I can be insular, and driven. At work I take no quarter and am not intimidated by blood, death or bad hair days.. Yet at home, I am a caregiver, as my Mom was with us. Even when she was tired, she would make us homemade cookies and pastries to have after school or with our lunch. Shortening scrapped from its can, dough formed and rounded, rolled flat, and rolled up, carefully studded with fragrant spices and baked golden.
When at school, I'd open up my lunch box, and find every given day, a peanut butter sandwich, an apple, coins for milk and an ice cream and a small tinfoil packet I'd unfold with great care. Inside, the scraps of her making, dusted with cinnamon and sugar, soft and whole. I do not share. I scrape the foil clean.

Dinner at the big table wasn't just on Thanksgiving. It was every night but TV Tray in the Family Room Night. But on those dinners around the big table, I can't recall so much of what we talked about or who said what, but I do remember the gathering, the smells of beef and fresh vegetables, of laughter, of stories from school, from work, a discarding of weighty thought and the simple gathering of those you love, for nourishment of the soul. I can't recreate the exact moments through what I cook, or who I serve it to, but I still can remember how those simple meals made me feel, the redemptive power of the communion of those who love one another.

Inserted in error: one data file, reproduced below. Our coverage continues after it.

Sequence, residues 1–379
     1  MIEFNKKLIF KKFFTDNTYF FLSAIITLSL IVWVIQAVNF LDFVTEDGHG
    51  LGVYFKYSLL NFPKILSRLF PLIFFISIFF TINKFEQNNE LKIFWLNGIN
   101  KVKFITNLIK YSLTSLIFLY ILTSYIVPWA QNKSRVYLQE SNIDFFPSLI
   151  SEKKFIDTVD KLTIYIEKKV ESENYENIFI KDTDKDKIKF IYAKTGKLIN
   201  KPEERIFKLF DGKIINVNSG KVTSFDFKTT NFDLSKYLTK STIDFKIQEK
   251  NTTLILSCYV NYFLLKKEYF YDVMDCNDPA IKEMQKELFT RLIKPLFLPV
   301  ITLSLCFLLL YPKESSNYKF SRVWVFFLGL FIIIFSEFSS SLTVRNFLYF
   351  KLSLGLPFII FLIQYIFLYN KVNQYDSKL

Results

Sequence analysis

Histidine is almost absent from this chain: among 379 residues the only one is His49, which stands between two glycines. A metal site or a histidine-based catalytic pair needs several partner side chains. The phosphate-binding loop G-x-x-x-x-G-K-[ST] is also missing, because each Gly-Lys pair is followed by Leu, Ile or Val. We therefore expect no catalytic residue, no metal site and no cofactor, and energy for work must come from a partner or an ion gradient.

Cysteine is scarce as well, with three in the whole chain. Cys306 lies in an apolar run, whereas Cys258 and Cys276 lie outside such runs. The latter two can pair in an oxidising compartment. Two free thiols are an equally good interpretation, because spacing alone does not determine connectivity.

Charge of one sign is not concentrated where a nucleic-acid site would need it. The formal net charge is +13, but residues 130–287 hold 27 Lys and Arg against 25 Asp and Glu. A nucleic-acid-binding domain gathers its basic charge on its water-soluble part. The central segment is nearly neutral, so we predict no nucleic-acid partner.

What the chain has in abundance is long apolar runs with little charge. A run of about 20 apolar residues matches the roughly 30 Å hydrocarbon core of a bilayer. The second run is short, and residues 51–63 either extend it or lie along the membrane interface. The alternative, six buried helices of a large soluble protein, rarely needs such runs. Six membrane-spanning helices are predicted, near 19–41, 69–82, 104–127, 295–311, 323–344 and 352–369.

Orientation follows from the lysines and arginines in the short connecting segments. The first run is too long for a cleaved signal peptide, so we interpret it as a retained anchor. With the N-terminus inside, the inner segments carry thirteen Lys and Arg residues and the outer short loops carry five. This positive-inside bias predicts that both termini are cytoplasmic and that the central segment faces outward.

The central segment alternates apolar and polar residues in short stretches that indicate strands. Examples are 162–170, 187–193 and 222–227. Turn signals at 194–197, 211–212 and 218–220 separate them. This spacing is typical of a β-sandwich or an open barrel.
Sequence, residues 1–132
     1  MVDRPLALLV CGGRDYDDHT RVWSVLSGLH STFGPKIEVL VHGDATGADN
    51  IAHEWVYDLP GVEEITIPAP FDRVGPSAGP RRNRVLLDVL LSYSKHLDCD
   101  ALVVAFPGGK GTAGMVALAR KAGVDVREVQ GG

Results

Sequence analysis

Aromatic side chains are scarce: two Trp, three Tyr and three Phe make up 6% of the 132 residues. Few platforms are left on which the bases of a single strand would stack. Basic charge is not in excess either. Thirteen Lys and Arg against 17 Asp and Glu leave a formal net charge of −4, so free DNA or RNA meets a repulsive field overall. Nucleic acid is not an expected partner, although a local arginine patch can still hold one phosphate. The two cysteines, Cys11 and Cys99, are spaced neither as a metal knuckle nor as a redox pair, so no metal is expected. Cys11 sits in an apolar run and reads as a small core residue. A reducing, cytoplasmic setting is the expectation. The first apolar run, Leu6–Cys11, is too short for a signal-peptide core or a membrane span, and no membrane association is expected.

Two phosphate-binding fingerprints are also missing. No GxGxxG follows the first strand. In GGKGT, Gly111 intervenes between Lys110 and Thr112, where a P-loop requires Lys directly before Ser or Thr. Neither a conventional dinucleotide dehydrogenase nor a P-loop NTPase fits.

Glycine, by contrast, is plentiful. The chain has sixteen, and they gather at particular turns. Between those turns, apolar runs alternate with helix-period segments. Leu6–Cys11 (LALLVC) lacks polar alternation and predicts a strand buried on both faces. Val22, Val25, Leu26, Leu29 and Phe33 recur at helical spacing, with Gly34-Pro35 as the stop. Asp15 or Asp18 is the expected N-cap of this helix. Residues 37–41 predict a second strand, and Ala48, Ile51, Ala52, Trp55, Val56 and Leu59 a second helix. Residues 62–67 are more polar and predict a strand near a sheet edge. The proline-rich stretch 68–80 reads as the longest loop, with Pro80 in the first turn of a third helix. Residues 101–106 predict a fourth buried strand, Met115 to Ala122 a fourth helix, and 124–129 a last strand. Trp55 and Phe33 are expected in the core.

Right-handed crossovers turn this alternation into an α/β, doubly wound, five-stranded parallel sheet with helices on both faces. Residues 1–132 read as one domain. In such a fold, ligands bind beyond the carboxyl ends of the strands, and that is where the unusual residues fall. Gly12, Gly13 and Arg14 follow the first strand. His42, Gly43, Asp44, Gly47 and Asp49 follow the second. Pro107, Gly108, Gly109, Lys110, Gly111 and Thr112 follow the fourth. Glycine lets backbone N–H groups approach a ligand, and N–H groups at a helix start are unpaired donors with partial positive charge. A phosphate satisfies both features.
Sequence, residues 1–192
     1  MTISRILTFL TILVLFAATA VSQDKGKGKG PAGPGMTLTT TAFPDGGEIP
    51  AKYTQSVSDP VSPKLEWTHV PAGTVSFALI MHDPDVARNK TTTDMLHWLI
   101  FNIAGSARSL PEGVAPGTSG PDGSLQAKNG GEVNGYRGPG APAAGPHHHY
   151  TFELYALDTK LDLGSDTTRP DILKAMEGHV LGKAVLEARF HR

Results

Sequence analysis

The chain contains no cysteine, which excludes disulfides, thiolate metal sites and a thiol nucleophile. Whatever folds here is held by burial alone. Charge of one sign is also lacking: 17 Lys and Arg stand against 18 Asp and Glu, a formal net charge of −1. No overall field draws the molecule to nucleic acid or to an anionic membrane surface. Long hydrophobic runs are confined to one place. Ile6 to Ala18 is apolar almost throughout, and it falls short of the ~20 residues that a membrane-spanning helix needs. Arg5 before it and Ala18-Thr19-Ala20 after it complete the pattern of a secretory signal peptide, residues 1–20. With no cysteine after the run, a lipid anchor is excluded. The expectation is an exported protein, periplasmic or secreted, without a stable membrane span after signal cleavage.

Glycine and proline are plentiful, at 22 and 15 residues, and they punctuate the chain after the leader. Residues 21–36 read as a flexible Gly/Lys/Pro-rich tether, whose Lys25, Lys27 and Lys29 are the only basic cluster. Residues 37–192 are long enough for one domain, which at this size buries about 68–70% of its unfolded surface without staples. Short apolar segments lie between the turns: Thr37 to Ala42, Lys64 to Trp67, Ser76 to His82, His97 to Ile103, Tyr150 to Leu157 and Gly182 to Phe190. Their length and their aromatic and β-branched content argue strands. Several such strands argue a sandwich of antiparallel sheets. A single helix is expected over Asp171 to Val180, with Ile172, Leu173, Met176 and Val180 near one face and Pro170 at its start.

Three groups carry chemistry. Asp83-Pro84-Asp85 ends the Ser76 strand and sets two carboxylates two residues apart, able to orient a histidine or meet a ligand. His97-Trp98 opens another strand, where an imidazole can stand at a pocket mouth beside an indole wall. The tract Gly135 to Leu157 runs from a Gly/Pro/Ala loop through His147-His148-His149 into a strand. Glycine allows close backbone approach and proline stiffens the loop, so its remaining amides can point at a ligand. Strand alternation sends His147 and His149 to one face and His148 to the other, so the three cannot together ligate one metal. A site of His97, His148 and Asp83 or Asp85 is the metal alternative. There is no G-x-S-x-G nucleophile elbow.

Dad is clearing stuff out of the house, as his days grow shorter.  Having just downsized and gotten rid of so much, the only things I wished from it were small; things of worth, but perhaps not value. A couple are tattered cookbooks in which are written Mom's notes of when she made something new and if we liked it. One was a folder in which Mom placed handwritten menu plans for family gatherings and holidays. Some were planned dishes, some were instructions for the meal itself. Piece after piece of small lined paper, on which her handwriting lay.
So many scraps of paper, so many meals, some dated 1962 when she and Dad were still new in the house.  It was the house she lived in the remainder of her life and to which they brought me and Big Bro home as small, scared children, to heal with them, then to belong, as family.

I hold those pieces of paper and feel the warmth, a woman preparing food for her family, for her friends, small hieroglyphs that tell me nothing but that someone loved us, scribbled messages that would not make sense to everyone but will never fail to be understood.